The answer here is yes but that needs some qualification and explanation. Transfers in and out of existing pots are not problematic in an open ongoing scheme. An open scheme with active members will almost always be able to absorb some level of transfer in, even of pots which are decumulation only. There is scope for risk-sharing among different classes of member. Transfers in are rather sensitive to the pricing on which they are admitted. This is a one-off event unlike the contributions of an active member which occur over multiple years and benefit from that form of averaging. Decumulation only would be an extreme example of this. It would need careful pricing and perhaps rather early adjustments to benefits payable. For decumulation-only risk management approaches using indexation as the control variable have a greatly diminished power.

About henry tapper

Founder of the Pension PlayPen,, partner of Stella, father of Olly . I am the Pension Plowman
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4 Responses to Con Keating’s CDC Question time

  1. con keating says:

    The responses I delivered to the questions raised during my last CDC webinar have raised a number of further questions and some requests for further clarification. I will produce a further blog covering those when time permits.

    However, as several requested further explanation as to why the expected rates of return on scheme assets and new awards should differ, I will cover that now.

    The term or duration of new awards is usually much longer than the term of the outstanding stock of awards or benefits. In the case of the example shown in the table, the duration of the new awards is approximately 30 years, while the term of the outstanding stock is around 18 years. New awards of course apply only to active scheme members (abstracting from the revaluation of deferreds) while the entire stock includes also both deferreds and pensioners in payment. This means that the sensitivity of these to the factors determining projected benefits differs.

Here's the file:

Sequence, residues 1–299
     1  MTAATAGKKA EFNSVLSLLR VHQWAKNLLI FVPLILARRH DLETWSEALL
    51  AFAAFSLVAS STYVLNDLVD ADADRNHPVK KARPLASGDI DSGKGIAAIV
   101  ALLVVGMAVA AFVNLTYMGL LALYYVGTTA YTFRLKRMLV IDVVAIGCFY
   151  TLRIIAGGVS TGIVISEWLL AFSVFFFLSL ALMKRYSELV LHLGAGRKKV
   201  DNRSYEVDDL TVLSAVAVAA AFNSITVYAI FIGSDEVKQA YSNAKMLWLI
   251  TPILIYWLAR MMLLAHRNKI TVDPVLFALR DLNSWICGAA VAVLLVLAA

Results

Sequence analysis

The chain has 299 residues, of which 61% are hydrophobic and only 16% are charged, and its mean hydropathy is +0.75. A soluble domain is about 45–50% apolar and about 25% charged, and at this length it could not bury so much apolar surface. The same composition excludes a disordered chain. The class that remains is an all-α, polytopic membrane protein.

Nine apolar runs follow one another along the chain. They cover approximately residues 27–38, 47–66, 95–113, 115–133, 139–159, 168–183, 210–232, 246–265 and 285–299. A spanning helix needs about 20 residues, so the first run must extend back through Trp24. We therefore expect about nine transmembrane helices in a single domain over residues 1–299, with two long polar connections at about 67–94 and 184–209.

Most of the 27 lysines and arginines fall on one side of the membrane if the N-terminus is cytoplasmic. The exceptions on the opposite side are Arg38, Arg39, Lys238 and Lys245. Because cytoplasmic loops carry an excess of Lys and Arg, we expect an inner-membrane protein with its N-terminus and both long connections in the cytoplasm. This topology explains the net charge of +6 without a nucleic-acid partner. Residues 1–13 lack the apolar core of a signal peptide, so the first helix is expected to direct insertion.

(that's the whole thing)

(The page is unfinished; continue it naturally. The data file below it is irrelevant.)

When considering long-term discount rates or equivalently rates of return, the effect of uncertainty which increases with time is to lower discount rates. There is another mathematical aspect to consider. Suppose we have two possible scenarios for the development of rates: 1) that a rate of 10% will apply and 2) that a rate of 2% will apply and that we consider these equiprobable. Of course, asymptotically the (expected) discount rate prevailing will be the lower rate. For the twenty year, the mean rate is 4.35% while for the 30 year it is 3.88% as we increase convergence to that asymptotic rate.

    I will be doing another Z-Yen webinar in November on the subject of discount rates, an extension of a paper presented at this summer’s SASE conference.

  2. Martin T says:

    “The questions were subtly different. I’m a fan but doubt employers will go for it”
    Context has been lost since I put this in the Q&A box during the event.

    The two questions were put to the audience at the beginning and end of the presentation but the change in responses was erroneously taken as a measure of the event’s success. I thought it was an excellent and informative talk but the answers to the questions were not directly comparable.

    The questions were “Are you a fan of Collective Defined Contribution Pensions?” and “Do you believe that CDC pensions will become an important part of private pension provision?”. My responses were therefore “Yes” and “No” because whilst I think they are an excellent idea, I believe very few employers will want to offer CDC.

  3. con keating says:

    Thank you for the explanation. I had completely missed the point you were making.

  4. henry tapper says:

    I guess more people can see CDC as a part of private provision than are fans of it (you being contrary Martin). We can only guess whether those who see CDC in our pension arrangements were convinced by Con it would happen. Whether they were convinced that was a good thing is another matter.